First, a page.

Monday, September 29, 2008

Prague, Czech Republic Trip..More Photos

photo taken at the historical and famous Charles Bridge by my husband
I can't imagine how many people from all over the world visited this place everyday..

photo taken in front of one of the Gardens in Prague Castle...looks like Parthenon in Greece..

Ancient Prague
source: http://en.wikipedia.org/wiki/Prague

The area on which Prague was founded was settled in ancient times since the Paleolithic Age. Around 200 BC the Celts had a settlement in the south, called Závist, but later they were replaced by Germanic tribes. The Slavs conquered the site from the 4th century AD onward, though for a period were subdued by the Eurasian Avars. According to a legend, Prague was founded by the Princess Libuše and her husband, Přemysl, founder of the dynasty with the same name. Whether this legend is true or not, Prague's first nucleus was founded in the latter part of the 9th century as a castle on a hill commanding the right bank of the Vltava: this is known as Vyšehrad ("high castle") to differentiate from another castle which was later erected on the opposite bank, the future Prague Castle. Soon the city became the seat of the dukes and kings of Bohemia. It was an important seat for trading where merchants coming from all Europe settled, including many Jews, as recalled in 965 by the Jewish merchant and traveller Ibrahim ibn Ya'qub. The Old New Synagogue of 1270 survives. The city became a bishopric in 973.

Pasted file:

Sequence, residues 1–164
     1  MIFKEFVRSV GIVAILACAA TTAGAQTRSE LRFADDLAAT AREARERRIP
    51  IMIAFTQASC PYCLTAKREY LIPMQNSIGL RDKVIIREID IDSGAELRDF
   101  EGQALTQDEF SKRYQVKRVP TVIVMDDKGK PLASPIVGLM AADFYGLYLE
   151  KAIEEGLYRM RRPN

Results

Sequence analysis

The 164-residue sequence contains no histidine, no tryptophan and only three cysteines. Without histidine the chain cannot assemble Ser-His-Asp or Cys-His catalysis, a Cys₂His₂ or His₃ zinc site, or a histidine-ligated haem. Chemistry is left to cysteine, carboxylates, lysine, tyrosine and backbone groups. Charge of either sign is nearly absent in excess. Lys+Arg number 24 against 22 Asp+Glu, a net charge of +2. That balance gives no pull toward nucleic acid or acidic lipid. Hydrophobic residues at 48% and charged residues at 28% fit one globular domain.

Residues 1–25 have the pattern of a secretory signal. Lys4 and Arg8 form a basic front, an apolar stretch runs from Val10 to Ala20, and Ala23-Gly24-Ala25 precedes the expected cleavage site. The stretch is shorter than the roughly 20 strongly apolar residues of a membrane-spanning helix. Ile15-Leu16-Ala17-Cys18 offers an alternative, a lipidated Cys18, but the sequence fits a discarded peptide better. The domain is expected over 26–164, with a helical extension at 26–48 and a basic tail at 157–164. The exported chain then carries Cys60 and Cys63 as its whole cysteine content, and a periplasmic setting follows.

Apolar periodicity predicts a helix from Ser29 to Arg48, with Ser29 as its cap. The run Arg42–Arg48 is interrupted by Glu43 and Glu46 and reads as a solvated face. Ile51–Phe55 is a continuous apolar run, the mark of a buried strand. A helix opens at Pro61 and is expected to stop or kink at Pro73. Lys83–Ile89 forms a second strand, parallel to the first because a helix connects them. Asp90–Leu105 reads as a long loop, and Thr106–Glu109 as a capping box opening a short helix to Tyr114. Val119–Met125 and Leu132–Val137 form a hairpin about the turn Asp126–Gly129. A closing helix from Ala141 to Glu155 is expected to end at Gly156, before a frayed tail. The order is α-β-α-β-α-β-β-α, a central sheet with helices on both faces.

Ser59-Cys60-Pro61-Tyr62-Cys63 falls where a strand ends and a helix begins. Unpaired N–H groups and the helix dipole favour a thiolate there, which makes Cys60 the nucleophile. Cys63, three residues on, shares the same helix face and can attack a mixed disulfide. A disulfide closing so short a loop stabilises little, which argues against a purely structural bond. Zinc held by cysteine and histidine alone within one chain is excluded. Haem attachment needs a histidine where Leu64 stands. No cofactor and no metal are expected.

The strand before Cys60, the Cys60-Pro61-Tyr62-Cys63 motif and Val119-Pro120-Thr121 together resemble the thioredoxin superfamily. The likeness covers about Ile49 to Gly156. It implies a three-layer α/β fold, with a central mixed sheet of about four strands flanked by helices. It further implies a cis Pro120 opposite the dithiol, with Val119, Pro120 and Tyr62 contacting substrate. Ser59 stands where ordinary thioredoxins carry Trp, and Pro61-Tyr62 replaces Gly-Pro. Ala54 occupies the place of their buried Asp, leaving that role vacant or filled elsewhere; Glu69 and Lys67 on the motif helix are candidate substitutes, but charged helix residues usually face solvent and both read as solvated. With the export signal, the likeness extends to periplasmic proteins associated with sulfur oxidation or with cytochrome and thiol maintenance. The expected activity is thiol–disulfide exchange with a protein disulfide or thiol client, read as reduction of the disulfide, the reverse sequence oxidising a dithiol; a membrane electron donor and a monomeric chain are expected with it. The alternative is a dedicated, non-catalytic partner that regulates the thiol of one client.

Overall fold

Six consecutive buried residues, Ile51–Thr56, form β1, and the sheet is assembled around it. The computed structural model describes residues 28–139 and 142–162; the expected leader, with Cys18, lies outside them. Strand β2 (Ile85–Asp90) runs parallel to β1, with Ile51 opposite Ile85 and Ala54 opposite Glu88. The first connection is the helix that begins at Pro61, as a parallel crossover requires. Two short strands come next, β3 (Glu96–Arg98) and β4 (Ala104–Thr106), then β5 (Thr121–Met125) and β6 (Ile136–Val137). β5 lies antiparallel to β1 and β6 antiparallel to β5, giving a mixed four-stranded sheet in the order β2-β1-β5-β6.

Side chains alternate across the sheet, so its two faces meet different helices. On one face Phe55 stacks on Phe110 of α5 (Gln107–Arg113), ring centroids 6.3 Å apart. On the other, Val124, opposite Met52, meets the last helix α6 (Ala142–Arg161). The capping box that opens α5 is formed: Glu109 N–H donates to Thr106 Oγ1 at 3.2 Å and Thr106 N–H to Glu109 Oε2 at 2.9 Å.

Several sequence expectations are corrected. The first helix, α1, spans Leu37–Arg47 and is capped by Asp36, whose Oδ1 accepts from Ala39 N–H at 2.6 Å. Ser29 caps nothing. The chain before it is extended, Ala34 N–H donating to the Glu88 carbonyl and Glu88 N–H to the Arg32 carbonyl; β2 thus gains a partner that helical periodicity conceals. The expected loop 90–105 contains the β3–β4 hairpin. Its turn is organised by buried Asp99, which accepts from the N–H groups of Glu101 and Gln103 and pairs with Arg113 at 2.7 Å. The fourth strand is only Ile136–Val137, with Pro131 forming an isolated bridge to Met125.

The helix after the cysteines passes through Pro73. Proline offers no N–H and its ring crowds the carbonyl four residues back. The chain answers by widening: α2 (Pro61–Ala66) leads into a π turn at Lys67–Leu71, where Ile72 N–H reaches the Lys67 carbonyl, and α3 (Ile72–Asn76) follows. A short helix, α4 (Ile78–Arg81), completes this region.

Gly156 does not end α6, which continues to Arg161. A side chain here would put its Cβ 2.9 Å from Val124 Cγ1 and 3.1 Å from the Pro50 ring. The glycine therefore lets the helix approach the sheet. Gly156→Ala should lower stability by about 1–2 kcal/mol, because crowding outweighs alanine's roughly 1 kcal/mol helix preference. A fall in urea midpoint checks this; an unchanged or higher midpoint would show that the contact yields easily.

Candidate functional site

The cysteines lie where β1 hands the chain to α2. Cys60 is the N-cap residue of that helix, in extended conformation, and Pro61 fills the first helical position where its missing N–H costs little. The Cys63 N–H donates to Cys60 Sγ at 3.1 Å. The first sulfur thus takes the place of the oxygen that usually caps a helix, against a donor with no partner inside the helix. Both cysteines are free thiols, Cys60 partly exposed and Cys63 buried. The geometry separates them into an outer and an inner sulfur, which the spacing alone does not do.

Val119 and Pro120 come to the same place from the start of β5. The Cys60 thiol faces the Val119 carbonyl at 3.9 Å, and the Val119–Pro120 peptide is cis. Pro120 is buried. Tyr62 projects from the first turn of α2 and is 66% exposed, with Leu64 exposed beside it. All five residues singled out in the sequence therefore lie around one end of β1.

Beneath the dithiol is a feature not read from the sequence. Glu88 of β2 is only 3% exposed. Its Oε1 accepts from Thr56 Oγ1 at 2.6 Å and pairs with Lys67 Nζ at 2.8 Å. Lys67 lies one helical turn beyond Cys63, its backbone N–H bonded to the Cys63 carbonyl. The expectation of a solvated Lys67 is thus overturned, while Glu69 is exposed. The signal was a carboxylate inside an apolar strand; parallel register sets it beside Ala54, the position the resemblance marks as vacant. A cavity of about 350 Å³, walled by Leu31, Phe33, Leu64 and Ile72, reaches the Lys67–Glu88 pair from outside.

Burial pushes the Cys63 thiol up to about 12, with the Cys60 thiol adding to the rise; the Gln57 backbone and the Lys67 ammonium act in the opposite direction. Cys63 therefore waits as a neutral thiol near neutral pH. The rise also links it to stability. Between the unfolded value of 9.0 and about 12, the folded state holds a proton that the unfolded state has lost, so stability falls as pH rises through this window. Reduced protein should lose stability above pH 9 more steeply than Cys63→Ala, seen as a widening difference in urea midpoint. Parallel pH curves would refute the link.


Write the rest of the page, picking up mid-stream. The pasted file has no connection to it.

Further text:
King Vladislav II had a first bridge on the Vltava built in 1170, the Judith Bridge, which crumbled down in 1342. The Charles Bridge was later built on its foundations.

In 1257, under King Otakar II, Malá Strana ("Lesser Quarter") was founded in Prague in the future Hradčany area: it was the district of the German people. These had the right to administrate the law autonomously, pursuant to Magdeburg Rights. The new district was on the opposite bank of the Staré Město ("Old Town"), which had a borough status and was defended by a line of walls and fortifications.

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